About this blog

Welcome to Techademia, a site where the Academic Computing Consultants at Vassar College write about technology and teaching.

This blog will be about our teaching and your teaching. We envision this site as a place where we hope to do a little teaching, about things that may be too new or obscure to have caught your notice. At the same time, these writings will  focus on teaching at the college level, while highlighting ways in which technology can enhance— or even revolutionize— that teaching.

Every faculty member that I’ve met at Vassar is wholly committed to his or her teaching. Many tell me that they’re really interested in one technology or another that might help their students to understand their course materials better. But they’re also really, really busy and can rarely find the time to take workshops or tinker around with new devices or programs.

We hope that his blog will provide a way for you to fit a little bit of this learning into your busy schedule. We aim to generate new postings each week, on various topics related to teaching with technology. Those topics will range from descriptions of very specific gadgets to discussions of pedagogical approaches. Some will be specific to Vassar, while others will be more generic.

The primary contributors will be the four members of Vassar’s Academic Computing Services (ACS) group. (If you’d like to know more about us, see the authors’ profiles, at the top of the page.) We may have occasional guest contributors as well, and we invite anyone in the Vassar community to comment on what they read.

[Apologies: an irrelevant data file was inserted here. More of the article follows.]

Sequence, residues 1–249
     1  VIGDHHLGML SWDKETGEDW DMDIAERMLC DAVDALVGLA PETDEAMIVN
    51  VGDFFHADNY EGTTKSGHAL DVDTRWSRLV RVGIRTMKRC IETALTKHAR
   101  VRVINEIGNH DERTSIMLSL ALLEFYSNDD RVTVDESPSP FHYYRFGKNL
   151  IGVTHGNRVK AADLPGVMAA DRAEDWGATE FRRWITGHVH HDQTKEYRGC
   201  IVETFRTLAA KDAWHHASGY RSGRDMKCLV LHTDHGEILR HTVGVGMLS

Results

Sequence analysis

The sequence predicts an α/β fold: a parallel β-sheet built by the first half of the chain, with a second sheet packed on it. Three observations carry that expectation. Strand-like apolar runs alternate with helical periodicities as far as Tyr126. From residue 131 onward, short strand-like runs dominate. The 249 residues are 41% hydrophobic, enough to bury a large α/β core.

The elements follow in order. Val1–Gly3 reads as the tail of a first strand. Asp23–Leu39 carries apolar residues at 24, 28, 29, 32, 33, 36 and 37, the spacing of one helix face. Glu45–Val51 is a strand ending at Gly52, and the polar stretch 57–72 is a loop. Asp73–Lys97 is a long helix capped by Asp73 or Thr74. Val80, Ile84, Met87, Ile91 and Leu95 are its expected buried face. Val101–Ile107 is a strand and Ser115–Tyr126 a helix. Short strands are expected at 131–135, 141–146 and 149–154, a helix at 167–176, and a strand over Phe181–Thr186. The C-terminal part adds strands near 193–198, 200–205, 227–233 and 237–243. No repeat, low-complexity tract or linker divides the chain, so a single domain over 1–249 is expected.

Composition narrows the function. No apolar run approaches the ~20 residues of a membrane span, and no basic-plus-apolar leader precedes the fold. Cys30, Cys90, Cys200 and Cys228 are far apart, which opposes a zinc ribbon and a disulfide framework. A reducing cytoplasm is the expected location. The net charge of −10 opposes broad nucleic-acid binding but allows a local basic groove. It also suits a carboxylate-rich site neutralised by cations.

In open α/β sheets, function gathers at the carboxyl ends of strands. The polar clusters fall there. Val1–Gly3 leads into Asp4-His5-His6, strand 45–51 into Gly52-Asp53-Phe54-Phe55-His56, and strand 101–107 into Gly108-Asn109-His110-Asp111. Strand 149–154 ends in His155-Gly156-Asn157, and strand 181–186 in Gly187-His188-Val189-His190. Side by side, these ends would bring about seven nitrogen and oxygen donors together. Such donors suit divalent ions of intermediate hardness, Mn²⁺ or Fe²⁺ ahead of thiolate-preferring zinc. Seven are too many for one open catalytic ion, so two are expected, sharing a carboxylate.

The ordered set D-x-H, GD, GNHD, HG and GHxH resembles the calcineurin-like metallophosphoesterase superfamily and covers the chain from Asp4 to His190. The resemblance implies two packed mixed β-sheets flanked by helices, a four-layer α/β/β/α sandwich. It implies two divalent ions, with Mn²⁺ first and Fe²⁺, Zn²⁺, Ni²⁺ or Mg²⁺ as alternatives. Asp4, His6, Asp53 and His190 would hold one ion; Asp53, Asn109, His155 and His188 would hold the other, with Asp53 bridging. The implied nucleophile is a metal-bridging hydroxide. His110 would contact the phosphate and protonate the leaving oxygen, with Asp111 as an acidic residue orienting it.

Looking forward to some interesting discussions,

Steve

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Recent Posts

Citrix Demystified

Citrix is an application virtualization product that allows users to connect to a suite of applications not installed on your computer from a wide range of computer systems and mobile devices, both on and off campus.  One way to access Vassar’s Citrix applications is to install the Citrix Receiver on your computer or device.  Alternatively, you can use a web browser to access the Citrix applications via VApps (Vassar Virtual Applications), which can be found at http://vapps.vassar.edu.  Academic applications available on Citrix, via either the Citrix Receiver or VApps, include JMP, MATLAB, SAS, and SPSS, among others.  The VApps web interface is shown in Figure 1.

VAPPS_2

Figure 1. View of a typical VApps session.

LOAD BALANCING

While the ability to access software via Citrix is an invaluable resource for faculty and students alike, both factions have historically found the file system to be confusing and frustrating.  Faculty frequently inquire, “Where should I save my files?” or “Where did my files go?”  Much of the confusion results from the fact that all applications on Citrix are configured to be load balanced between two or more servers.